C: Good for you.

P: Funny little things like that. I got to cover Governor Reubin Askew [1971-1979].
After he was inaugurated they had celebrations in a bunch of cities and they
each had a big formal dance, ball, whatever. I got to cover him when he came,
and I met all the wives of all the cabinet members and all the senate.

C: You were not delegated to cover features and/or women's issues in 1970.

FNP 65
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P: No.

C: You are a general assignment reporter?

P: I was the back-up reporter for city hall and the school board. I did general
assignment. I covered Reubin Askew at that event. I did not cover all these
women. But the photographer was assigned to both, covering him. So when
the governor retreated to go get dressed, I was with the photographer, and we
went over to where the women were. It was like prom to these people. It was
very exciting. It was exciting because everybody was excited. All the men
were excited, everybody. In the Hilton Hotel, in downtown Jacksonville, is where
this took place. I got to write part of the story. Then, I got assigned. We all
covered different business clubs at lunchtime, covered speakers routinely.
Judge May covered [the] Rotary [Club]. Paul Mitchell covered [the] Southside
Rotary [Club]. There were two big businessmen's clubs. One was called the
Northside Businessmen's Club, businessmen, one word. Then, there was the
Southside Business Men's Club-business and men, two words. I alternated
[between the two clubs], but I covered my original assignment, [which] was, I
went to the Northside Club every single Tuesday. The Northside Club, and this
was an active group of businessmen in north Jacksonville, were speared on the
interstate to 95 that goes from 1-10 to just north of the airport, on 95. They made
it their campaign to get that road built. Reubin Askew was the governor. That
was when you'd go 1-10 and you'd have to get off at US-90. You'd go [on] 90 for
an hour and a half, and then get back on 1-10 to get to Tallahassee. Well, once
you left Tallahassee, you were back on [US] 90 again to Pensacola. Here was
Askew from Pensacola. What was his goal? It wasn't to build to 95 in
Jacksonville where we already had a good network. It was to get 1-10
completed between Pensacola and Tallahassee and Tallahassee and Lake City.
But they [Northside Club] were constant. So my beat became the transportation
beat. I covered it from top to bottom, that whole process.

C: Was this an invented, new beat for the Times-Union? Or did it evolve?

P: No, they had a transportation beat, but it had not been so focused on interstate
[construction news]. You see,
Jacksonville was one of the cities that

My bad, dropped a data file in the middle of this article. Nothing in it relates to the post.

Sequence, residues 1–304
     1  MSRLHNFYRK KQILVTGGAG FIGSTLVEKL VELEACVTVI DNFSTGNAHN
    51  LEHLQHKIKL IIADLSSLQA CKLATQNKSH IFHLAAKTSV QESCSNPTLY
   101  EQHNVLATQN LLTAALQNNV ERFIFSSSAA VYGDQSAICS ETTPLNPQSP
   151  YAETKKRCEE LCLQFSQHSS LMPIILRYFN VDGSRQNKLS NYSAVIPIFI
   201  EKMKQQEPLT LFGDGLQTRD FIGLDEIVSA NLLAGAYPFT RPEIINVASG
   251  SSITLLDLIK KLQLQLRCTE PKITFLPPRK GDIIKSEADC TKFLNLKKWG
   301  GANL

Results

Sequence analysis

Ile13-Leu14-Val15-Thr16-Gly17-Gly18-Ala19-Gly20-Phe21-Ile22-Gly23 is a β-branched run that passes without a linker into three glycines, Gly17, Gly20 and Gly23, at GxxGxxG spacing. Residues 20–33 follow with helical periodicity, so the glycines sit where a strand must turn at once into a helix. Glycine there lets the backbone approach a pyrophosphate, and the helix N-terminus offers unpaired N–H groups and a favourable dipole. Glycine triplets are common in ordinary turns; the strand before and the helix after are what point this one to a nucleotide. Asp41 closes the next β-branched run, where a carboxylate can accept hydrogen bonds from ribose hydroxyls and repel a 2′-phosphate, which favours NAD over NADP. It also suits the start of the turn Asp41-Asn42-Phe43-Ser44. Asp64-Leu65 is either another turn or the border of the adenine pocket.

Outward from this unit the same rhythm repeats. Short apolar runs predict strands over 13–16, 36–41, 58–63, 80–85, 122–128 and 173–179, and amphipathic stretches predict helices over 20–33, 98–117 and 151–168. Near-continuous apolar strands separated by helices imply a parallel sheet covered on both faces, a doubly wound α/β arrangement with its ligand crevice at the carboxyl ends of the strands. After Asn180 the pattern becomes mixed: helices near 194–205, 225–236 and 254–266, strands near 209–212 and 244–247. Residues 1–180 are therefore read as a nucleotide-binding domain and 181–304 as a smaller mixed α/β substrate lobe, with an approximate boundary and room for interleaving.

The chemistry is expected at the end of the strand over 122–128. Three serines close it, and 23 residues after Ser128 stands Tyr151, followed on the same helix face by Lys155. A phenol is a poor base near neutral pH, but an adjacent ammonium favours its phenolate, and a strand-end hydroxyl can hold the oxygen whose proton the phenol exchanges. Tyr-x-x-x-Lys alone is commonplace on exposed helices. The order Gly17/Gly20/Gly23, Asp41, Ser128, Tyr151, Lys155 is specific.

got short-changed on the interstate
money because they already had a
transportation authority. They created
their own transportation authority in the
1950's that built the network of roads
later to become the interstate highway.
But these beltways, the state was going

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[End of side B4]

P: ... to Lake City to find out if we were going to get the 295 beltway. And I met
with the district engineer in Lake City, who was Mr. Jim Ward. He was a
graduate of the College of Engineering at the University of Florida. His
assistant, deputy engineer, for District Two, which was our area, was Walter
Skinner, also a [University of] Florida grad, also in engineering. If you ever
wonder why the bridges in Jacksonville were orange and blue at one time ...
you had an orange bridge and a blue bridge. The Acosta [Bridge] was orange
and the Main Street [Bridge] was blue. It was because, well maybe not, maybe
it was only a coincidence that all the engineers in Lake City who picked the paint
colors were Florida grads at the time. But the bridges became orange and blue.
Then, later, they painted the Matthews bridge garnet as a concession. But I
don't think they ever got a gold bridge.

So I covered transportation. I learned all about how to build a road. I can tell
you today, when I ride down the interstate, what stage they are in the need for
maintenance. I can tell you when they haven't done a road properly and there are
some around St. Augustine that when I first came to the Record I could tell you,
well, they didn't lay the foundation properly. In that beat I actually went out on
job sites. I saw construction. I was in the first car that rode across the first leg
of the J. Turner Butler Boulevard, which is now the big gateway to Ponte Vedra
from Jacksonville. There was a one and a half mile stretch that went from
Southside Boulevard to UNF [University of North Florida].

I covered transportation from a year and a half. Then the education writer was
leaving to go work for Voice of America, so I applied for her job. It was
interesting. When the job was held by a man, it was called education editor.
When it was Rachel Bales job, it became education writer. When it got to me it
was education writer. And the excuse given, or exactly, the reason, was that we